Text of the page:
During the last two days of his embattled presidency, Richard Nixon made a rare principled decision. With the Watergate special prosecutor and congressional impeachment proceedings closing in, he rejected last-minute requests for pardons from his two former top aides, the men who could most damagingly testify against him. Unfortunately, while dust is settling on Donald Trump’s pardon of former Arizona sheriff Joe Arpaio, its message suggests a much cruder view of the pardon power, and sets a dangerous precedent for the months to come. Most pardons attract little attention. Over the course of a presidency, typical pre...
Source: TIME.com: Top Science and Health Stories - October 3, 2017 Category: Consumer Health News Authors: John W. Dean and Ron Fein Tags: Uncategorized Donald Trump Source Type: news

‘Let’s Make a Deal’ Host Monty Hall Dies at 96
(BEVERLY HILLS, Calif.) — Monty Hall, the genial TV game show host whose long-running “Let’s Make a Deal” traded on love of money and merchandise and the mystery of which door had the car behind it, has died. He was 96. Hall, who had been in poor health, died Saturday morning of heart failure at his home in Beverly Hills, said his daughter, Sharon Hall of Los Angeles. “Let’s Make a Deal,” which Hall co-created, debuted as a daytime show on NBC in 1963 and became a TV staple. Through the next four decades, it also aired in prime time, in syndication and, in two brief outings, with h...
Source: TIME.com: Top Science and Health Stories - October 1, 2017 Category: Consumer Health News Authors: Lynn Elber / AP Tags: Uncategorized onetime remembrance Source Type: news

Where You Should Road Trip, Based on Your Zodiac Sign
This article originally appeared on TravelandLeisure.com (Source: TIME.com: Top Science and Health Stories)
Source: TIME.com: Top Science and Health Stories - September 29, 2017 Category: Consumer Health News Authors: Karen Ruffini / Travel + Leisure Tags: Uncategorized onetime onetimetravel Source Type: news

Dirty laundry a powerful magnet for bedbugs, study finds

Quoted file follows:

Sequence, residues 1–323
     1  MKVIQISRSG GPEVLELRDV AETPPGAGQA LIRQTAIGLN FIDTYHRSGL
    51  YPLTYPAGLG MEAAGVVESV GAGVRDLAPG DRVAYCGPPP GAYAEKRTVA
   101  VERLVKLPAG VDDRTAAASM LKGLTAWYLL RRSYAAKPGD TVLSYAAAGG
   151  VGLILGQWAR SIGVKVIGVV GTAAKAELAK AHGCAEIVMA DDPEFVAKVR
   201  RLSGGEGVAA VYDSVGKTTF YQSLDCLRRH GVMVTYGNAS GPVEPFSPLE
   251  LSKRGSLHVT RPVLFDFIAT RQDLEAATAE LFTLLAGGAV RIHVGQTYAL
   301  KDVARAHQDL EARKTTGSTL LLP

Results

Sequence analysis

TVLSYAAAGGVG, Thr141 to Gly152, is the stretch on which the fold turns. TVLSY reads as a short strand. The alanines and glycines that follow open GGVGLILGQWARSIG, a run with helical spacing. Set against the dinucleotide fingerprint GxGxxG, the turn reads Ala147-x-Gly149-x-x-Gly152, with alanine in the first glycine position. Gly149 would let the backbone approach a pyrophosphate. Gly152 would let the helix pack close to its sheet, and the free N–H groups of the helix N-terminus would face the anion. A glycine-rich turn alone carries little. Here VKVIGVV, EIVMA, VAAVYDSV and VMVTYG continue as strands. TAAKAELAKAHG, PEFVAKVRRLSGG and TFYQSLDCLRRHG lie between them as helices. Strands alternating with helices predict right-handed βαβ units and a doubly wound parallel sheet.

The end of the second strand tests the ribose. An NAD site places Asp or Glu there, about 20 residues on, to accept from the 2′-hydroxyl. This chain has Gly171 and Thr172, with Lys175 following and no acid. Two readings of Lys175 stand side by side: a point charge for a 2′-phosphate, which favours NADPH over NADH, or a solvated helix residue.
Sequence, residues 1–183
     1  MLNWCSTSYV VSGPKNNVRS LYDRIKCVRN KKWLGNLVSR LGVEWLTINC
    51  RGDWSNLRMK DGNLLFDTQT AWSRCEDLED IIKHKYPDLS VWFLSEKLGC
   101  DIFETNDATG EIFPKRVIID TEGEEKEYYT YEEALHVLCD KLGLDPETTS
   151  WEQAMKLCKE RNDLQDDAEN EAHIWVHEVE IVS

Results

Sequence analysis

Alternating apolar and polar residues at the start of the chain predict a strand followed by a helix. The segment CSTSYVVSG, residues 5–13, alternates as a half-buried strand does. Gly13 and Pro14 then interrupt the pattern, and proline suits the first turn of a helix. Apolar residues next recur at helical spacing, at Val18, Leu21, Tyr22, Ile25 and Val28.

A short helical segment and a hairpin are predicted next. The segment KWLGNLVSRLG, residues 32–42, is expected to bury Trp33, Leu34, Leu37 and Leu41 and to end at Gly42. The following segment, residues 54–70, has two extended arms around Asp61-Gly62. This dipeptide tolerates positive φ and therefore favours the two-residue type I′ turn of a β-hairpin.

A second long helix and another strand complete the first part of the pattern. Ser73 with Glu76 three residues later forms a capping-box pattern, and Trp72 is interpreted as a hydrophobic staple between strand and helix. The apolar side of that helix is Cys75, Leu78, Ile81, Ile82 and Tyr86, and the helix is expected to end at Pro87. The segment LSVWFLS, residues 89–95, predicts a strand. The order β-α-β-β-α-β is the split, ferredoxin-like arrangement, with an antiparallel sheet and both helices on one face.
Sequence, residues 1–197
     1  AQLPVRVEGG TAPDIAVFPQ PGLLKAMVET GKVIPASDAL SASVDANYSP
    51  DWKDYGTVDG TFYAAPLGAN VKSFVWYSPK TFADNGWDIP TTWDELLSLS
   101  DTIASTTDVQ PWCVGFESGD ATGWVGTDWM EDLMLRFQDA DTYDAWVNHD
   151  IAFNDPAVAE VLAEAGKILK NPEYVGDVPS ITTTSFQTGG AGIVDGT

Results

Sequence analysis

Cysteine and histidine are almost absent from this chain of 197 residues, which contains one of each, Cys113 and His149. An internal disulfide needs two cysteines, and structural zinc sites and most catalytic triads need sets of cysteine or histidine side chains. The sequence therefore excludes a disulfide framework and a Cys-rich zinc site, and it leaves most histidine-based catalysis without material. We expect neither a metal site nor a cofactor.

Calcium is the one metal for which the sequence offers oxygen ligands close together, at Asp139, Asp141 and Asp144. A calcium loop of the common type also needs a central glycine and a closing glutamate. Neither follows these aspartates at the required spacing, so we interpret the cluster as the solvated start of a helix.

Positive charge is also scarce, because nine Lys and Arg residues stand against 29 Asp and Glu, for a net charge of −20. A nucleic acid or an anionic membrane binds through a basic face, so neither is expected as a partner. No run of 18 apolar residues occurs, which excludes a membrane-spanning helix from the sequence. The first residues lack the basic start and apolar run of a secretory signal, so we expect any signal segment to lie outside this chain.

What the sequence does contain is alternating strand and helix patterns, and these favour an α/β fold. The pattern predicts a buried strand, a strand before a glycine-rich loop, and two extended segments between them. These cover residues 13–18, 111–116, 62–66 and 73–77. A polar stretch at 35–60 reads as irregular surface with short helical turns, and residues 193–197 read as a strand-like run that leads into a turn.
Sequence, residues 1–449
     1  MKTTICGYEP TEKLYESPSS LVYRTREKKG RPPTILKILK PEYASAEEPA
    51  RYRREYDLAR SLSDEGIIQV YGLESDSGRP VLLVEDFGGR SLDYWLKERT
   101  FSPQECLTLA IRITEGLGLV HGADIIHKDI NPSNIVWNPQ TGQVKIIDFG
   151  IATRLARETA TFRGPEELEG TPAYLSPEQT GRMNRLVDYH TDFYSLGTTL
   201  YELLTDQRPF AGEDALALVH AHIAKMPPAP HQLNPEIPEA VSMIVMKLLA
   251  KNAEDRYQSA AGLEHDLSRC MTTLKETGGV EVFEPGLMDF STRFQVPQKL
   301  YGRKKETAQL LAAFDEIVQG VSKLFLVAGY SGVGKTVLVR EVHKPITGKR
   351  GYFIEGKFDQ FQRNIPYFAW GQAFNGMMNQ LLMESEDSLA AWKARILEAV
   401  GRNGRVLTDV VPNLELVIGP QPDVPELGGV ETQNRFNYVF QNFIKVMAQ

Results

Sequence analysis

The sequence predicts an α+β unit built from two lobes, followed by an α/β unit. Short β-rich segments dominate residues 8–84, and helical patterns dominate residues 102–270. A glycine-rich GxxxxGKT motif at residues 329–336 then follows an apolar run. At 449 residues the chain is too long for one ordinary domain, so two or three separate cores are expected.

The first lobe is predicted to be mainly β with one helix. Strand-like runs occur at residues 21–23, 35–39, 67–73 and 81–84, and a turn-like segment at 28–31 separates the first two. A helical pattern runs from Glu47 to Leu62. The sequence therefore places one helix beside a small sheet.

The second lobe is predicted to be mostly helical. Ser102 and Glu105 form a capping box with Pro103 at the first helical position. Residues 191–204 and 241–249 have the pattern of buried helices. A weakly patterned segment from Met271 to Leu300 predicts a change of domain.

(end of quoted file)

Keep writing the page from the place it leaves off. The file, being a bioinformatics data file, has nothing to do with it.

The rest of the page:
To sleep tight and dodge the bedbug ’s bite, pack away worn clothes to avoid spreading the insects, which are attracted to human scent, travellers advisedAfter a long day of sightseeing in a foreign city, you might be tempted to kick off your socks, sling your sweaty T-shirt across your hotel room room and flop down on the bed. Think again.Dirty laundry acts as a powerful magnet for bedbugs, a studypublished in the journal Scientific Reports has found. Its authors have warned that a failure to securely pack away clothes while travelling may explain why populations of biting parasites have soared during the past decad...
Source: Guardian Unlimited Science - September 28, 2017 Category: Science Authors: Hannah Devlin Science correspondent Tags: Insects Science Health Travel Society Source Type: news

The 14 Best Road Trips to Take in the Fall
This article originally appeared on TravelandLeisure.com (Source: TIME.com: Top Science and Health Stories)
Source: TIME.com: Top Science and Health Stories - September 27, 2017 Category: Consumer Health News Authors: Claire Trageser / Travel + Leisure Tags: Uncategorized onetime onetimetravel Source Type: news

Victoria and Abdul Author on the Movie ’s Unlikely Story: ‘It Sounds Like a Fantasy’
The first time Shrabani Basu heard of Abdul Karim, she was carrying out research for a book about the history of curry in the late 1990s. A few years later, while on holiday with her family, she came across a painting of Karim in Osborne House, a former private home of Queen Victoria and Prince Albert on the U.K.’s Isle of Wight. Basu was immediately struck by the fact that Karim — whom she thought was a servant — had been painted “beautifully, in red and gold,” with a book in his hand. “I knew that Abdul Karim had come from India to England to serve Queen Victoria in 1887, but the portr...
Source: TIME.com: Top Science and Health Stories - September 25, 2017 Category: Consumer Health News Authors: Kate Samuelson Tags: Uncategorized movies victoria and abdul Source Type: news

Why Kids Love Being Scared, According to a Famous Children ’s Author
Sandra Boynton, the creator of an empire built on whimsical greeting cards (by some estimates she has sold more than 500 million) and board books, has in more recent years branched out into kids music. She specializes in the type that doesn’t want to make parents shoot their sound systems, and that often features singers that parents are already fans of, including Meryl Streep and Kevin Bacon. Her most recent album Hog Wild!, for example, features Samuel L. Jackson as a Tyrannosaurus Rex. (A video of the song with Boynton’s iconic drawings is above.) All the artists’ and Boynton’s royalties go to Pa...
Source: TIME.com: Top Science and Health Stories - September 22, 2017 Category: Consumer Health News Authors: Belinda Luscombe Tags: Uncategorized Children imagination kid's books Music Parenting video Source Type: news

Rural Uganda Gets a Health Worker Boost
September 21, 2017The sight of serene hills stretching into the horizon calmed my nerves as we snaked our way through steep and narrow dirt roads deep in Buhweju district, in South Western Uganda, 319 kilometers from the capital, Kampala.  Suddenly, it dawned on me why this district is considered “hard to reach” as I imagined what it would be like to traverse the same ground during a rainstorm or at night.It ’s here that I meet Janet Alupo, 20, an operating theatre assistant at Nsika Health Center IV who plans to take this same journey—plus an additional 332 kilometers—every three months ...
Source: IntraHealth International - September 21, 2017 Category: International Medicine & Public Health Authors: lfreeze Source Type: news